When taking control over Poland, Stalin made it perfectly clear that the only ideology the Polish people would follow would be that of communism (Dziewanowski 1987). The Soviet Union took control of the elections in Poland, thus demonstrating that the Soviet system of communism and socialism would be the only life for the Polish citizens (Dziewanowski 1987). There were two ways the Soviets knew how to be successful imposing influence or will on another county, and these ways existed through brute force or anti-communist legislation. The actions taken by the Soviets were often of force and completely unacceptable to many of the Polish citizens.
Under Soviet influence, the Polish Provisional Government of National Unity would begin a process of eliminating anti-communist viewpoints. After the elections in 1947 the communist Polish Provisional Government of National Unity controlled 417 out of 434 seats in the parliament, thus forcing the established Polish government official out of office. By using force to control the elections, the communist government of Poland had controlled 96% of the Polish Provisional Government of National Unity. The Western powers did not protest leaving the anti-communist leaders in Poland powerless -- and this is a point that has remained contentious among the Polish to this day.
Either through force or through legislation (Polish Constitution of 1952), the communist viewpoint would be the supreme law of the land in Poland (Kersten, 1991). One way of forcing people to covert to communism was through salami tactics. Salami tactics allowed communists to legally dismember any person or group that provided opposition. It thus became a tactic that gave the Polish Provisional Government of National Unity and the Soviet Union absolute control over Poland. With people in Poland fearing dismemberment, they were left to remain quiet and accept communism or to flee the country for freedom elsewhere.
The salami tactics used against Jozef Pilsudski (a major force in Polish politics) ended his reign of political influence. The tactics helped to rip Pilsudski's Polish Socialist Party apart and eventually allowed it to fall into the communist regime (Kersten, 1991). At first Pilsudski's party split into two factions, but later through legislation and force, became fully in supportive of the communist opposition. This activity forced Pilsudski and others in his party to flee Poland (Kersten, 1991). When the citizens of Poland saw that established political officials were fleeing or being executed, they were further enraged at the communist regime.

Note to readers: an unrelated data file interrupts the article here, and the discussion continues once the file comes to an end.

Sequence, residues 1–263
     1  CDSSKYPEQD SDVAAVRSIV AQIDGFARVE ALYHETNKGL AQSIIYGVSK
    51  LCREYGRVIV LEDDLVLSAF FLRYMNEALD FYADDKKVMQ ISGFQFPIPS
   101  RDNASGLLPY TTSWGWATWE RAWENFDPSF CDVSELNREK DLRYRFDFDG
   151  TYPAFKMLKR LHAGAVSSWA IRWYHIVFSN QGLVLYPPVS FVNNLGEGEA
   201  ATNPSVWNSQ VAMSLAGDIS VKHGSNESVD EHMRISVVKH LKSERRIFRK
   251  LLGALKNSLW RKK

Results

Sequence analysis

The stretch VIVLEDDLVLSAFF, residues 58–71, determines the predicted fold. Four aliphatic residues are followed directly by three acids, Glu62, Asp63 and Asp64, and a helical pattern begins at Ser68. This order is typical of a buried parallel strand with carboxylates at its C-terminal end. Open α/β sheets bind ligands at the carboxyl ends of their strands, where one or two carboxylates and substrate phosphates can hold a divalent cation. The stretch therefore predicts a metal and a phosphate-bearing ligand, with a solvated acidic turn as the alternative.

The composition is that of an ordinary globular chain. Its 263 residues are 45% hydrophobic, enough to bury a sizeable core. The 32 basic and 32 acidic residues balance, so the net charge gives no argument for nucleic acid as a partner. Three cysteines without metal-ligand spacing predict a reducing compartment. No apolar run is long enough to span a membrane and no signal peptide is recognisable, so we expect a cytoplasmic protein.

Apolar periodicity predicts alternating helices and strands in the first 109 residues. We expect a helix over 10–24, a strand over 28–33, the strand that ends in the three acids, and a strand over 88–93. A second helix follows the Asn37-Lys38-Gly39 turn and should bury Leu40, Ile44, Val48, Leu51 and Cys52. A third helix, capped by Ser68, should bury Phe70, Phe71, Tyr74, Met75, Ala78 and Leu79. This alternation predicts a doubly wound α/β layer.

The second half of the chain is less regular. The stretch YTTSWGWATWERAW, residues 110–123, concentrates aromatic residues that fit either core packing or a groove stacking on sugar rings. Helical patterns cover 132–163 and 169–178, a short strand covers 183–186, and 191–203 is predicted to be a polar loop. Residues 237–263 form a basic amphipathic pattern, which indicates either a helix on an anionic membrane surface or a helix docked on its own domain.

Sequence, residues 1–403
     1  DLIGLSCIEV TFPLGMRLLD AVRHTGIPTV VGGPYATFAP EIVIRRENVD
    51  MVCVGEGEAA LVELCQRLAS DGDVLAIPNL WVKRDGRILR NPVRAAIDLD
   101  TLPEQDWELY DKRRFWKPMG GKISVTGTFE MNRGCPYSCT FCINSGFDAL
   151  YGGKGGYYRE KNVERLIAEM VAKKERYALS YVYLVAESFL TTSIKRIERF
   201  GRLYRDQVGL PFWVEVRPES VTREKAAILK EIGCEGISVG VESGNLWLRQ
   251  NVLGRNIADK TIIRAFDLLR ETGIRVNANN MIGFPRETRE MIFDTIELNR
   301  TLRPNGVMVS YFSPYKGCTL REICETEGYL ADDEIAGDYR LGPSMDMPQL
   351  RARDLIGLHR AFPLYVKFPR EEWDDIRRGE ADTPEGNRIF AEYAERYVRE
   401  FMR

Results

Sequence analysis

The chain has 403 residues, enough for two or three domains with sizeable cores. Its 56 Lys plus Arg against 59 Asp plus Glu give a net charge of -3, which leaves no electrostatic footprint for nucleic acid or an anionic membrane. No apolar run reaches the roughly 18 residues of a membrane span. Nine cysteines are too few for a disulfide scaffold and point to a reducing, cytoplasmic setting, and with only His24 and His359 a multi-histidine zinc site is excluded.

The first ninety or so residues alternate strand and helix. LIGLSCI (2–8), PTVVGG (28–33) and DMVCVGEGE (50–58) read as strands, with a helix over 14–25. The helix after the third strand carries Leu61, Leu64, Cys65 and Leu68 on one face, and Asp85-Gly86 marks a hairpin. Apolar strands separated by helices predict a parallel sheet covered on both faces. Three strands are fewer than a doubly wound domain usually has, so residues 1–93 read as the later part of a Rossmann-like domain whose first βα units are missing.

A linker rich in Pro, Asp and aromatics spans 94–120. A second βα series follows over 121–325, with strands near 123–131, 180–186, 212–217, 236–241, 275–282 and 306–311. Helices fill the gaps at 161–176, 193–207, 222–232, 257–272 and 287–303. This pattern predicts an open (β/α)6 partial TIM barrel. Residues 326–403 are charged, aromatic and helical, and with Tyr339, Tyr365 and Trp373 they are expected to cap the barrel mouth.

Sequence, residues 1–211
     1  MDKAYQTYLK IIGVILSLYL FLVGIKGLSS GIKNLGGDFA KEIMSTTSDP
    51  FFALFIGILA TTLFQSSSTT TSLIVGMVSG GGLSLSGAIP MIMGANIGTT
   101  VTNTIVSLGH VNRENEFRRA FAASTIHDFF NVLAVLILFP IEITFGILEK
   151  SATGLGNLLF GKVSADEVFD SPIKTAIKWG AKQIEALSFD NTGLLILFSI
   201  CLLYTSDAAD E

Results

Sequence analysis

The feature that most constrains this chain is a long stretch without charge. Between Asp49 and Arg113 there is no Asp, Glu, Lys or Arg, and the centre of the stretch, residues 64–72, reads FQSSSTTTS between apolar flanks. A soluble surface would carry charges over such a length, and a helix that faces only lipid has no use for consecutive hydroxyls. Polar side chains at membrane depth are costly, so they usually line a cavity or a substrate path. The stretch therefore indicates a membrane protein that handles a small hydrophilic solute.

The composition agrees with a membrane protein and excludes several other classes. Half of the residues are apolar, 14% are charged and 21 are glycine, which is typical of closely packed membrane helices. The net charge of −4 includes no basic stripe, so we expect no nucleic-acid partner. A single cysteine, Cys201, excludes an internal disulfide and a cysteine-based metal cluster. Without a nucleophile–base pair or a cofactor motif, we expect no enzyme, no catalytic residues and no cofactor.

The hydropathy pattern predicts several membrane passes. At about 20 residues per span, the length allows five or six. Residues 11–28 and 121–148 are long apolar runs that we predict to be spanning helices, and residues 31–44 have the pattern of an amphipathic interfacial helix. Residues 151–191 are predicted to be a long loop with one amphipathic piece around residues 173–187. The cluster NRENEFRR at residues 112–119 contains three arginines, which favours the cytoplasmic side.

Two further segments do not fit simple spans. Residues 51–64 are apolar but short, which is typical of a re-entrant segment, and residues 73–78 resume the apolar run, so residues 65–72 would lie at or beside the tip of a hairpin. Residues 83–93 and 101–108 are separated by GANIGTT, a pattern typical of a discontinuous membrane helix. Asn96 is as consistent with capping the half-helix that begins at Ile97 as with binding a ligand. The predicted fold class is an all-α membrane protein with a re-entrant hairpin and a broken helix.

With the salami tactics in full effect, there would be little - if any - opposition to the communist Polish Provisional Government of National Unity. Polish reality would fall to a position of rule under the influence of Stalin as a central Soviet state. Stalin was known to have anti-communists executed or sent to prison camps in which they would live a life of hard labor until their deaths (Dziewanowski 1987). Many anti-communist parties and their supporters were forced to become communist or to flee Poland in fear of their lives or freedom.
Stalin's system of suppression was also adept at using military force when necessary to express communist views. The Soviet Union's Red Army was a well trained and massive militia that reported directly to Stalin himself (Dziewanowski 1987). If a group wanted to demonstrate an anti-communist or anti-Stalin viewpoint, the Red Army would likely be called into duty. Stalin's brute force controlled many European countries. This strategy was effective because of the fact that many opposed to Stalin were fearful of both him and of the threat of brute force that he brought down on others (Dziewanowski 1987).
Although the Polish people were angry and did not want to be a part of the central Soviet state, the first step taken by the communist Polish Provisional Government of National Unity to stop antipathy against the Soviet Union was to drown out the voice of any who dared to oppose them. This was done through brutal force. In September 1980 the Solidarity was formed; this was the first non-communist political party in Poland. The Solidarity was created as a social movement against communism, and they displayed civil resistance in an attempt to change the culture that encompassed workers rights.
Polish Constitution of 1952
The second step taken by the Polish Provisional Government of National Unity to stop antipathy against the Soviet Union was to enact the Polish Constitution of 1952. The constitution was also known as the July Constitution or the Constitution of 1952 because it was signed into law on July 22, 1952. The Polish Constitution of 1952 was modeled after the 1936 Soviet Constitution. The model posited several key features, including a definition of the…